Memory, remember thyself!
Ever since my school days I’ve had a bad memory. What I can remember of them anyway. I had to work hard to remember stuff and write lots of it down in lists or mind-maps and even then my own prompts or efforts at mnemonics often puzzled me minutes after writing them down. While some lapped up history, jotting dates and events, I always preferred English and Art.
It always struck me as a gross injustice that I, or anyone for that matter, should be punished for forgetting something. If you forgot to turn up to a meeting then how could you have possibly been there? You forgot; that data was inaccessible at that time so how could you possibly remember? You can’t remember things to order.
Of course if you have a good memory then you can hold a lot of things in mind at once. Some students walk into a history examination with years of coursework all ready to fire up into instant access. For me spontaneous recall is a miracle and bulk ready access to knowledge is nigh impossible. If good mental order is Mondrian then I am Jackson Pollock.
It’s not possible to bear all things in mind all the time otherwise we’d be besieged in a cacophony of memory-bites; prone to overload, leading to the occasional pyrotechnic explosion of thoughts, experiences, memories and images; some good, some bad and most probably a fair portion illegal or at best inappropriate. And all in explicit detail too. One factoid too many would become Mr Creosote’s “wafer-thin” mint leading to a projectile disembowelment of history.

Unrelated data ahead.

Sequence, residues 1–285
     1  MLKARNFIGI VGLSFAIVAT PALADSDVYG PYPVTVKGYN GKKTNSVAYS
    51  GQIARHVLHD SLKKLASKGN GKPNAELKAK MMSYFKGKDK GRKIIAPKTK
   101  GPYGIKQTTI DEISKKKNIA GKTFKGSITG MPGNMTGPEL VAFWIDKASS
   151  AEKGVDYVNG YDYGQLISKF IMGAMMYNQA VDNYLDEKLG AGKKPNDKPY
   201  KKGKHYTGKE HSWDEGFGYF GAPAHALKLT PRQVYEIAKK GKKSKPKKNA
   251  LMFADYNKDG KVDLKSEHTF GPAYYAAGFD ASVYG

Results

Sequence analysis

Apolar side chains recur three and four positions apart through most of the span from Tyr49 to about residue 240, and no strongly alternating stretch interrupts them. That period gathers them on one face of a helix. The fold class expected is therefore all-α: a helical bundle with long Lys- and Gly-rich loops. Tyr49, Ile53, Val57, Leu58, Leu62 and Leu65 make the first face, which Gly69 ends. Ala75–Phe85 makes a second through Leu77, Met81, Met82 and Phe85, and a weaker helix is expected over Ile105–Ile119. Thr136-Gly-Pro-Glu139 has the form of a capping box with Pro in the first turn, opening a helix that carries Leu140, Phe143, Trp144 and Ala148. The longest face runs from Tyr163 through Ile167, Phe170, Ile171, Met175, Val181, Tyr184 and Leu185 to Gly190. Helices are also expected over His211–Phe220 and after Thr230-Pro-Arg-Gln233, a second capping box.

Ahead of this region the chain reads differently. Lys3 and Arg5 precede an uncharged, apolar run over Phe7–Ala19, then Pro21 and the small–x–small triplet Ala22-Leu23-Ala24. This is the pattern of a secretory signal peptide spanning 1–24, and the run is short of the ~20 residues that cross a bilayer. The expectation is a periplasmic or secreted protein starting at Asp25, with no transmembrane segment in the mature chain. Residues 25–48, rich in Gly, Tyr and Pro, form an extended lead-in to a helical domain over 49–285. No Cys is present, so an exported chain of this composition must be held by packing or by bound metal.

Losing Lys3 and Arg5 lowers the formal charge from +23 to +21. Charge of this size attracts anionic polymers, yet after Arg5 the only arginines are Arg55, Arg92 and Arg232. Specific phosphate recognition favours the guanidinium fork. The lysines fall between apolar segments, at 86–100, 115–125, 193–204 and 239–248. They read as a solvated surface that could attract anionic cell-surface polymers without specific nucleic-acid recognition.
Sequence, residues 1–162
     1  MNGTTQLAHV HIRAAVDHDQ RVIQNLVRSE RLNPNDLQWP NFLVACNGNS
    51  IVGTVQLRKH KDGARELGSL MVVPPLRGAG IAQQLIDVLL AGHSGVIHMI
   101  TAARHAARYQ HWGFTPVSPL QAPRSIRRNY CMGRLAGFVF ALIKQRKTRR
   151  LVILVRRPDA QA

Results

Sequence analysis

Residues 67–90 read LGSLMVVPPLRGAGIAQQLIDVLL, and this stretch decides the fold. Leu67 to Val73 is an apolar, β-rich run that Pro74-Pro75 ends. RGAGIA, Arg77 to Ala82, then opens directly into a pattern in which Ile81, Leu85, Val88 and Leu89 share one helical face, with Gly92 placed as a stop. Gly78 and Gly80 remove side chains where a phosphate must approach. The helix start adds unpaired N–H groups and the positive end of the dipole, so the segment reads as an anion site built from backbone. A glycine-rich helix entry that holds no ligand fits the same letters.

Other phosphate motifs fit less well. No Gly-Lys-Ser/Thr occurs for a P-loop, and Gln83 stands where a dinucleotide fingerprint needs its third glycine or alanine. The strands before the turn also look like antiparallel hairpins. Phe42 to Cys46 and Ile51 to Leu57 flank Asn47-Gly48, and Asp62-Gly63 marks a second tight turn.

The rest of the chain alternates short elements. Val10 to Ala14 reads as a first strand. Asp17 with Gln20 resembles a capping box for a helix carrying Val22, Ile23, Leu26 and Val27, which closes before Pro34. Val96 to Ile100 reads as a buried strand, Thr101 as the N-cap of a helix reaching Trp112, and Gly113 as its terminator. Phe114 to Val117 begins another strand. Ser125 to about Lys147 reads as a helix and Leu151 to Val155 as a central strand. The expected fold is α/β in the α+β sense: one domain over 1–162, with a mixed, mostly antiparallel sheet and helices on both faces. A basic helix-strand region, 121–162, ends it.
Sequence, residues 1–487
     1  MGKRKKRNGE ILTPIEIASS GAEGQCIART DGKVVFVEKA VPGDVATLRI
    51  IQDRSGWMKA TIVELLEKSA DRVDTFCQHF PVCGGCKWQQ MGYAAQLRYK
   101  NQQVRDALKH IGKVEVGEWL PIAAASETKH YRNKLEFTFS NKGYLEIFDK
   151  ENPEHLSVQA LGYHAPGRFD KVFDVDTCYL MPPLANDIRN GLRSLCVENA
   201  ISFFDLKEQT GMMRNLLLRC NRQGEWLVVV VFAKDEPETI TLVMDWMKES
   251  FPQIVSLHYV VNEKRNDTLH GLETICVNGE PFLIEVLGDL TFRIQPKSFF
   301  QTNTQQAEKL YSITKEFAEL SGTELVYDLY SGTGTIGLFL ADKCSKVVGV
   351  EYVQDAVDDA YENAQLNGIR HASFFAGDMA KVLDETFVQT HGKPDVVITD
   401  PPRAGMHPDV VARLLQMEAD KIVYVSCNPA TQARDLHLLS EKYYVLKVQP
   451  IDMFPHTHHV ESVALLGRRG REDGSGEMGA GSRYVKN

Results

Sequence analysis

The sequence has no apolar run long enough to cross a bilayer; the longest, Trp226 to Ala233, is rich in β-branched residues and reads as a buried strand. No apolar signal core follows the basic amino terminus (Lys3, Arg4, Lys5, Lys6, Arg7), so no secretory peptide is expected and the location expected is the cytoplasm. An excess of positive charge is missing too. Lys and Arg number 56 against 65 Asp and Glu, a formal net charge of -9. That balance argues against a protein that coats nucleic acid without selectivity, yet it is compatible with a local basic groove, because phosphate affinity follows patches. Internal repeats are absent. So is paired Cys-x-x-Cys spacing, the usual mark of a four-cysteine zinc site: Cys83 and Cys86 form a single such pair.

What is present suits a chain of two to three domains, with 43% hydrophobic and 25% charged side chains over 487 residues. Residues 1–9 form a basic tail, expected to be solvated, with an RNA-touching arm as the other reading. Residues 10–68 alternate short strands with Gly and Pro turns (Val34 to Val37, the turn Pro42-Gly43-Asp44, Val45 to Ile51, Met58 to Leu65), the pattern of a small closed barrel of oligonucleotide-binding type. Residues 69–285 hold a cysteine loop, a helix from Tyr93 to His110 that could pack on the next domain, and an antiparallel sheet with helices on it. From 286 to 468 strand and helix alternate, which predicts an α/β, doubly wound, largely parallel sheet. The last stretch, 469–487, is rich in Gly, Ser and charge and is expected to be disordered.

And you can’t forget things to order either. Has anyone ever actually WON “The Game”?
There are methods to improve memory so I’m told, ranging from tying your scarf to your handbag strap (there, that should do it) to leaving odd items in inappropriate places (*puts underpants on kettle*) but then you’re faced with the inevitable challenge of remembering why you… You get the picture.
So armed with lists and prompts and pursued by nags and nudges we memorially challenged souls travel on our way delighting in the novelty of things we should already know and blissfully unaware of places we should already be.
Now, what was I doing?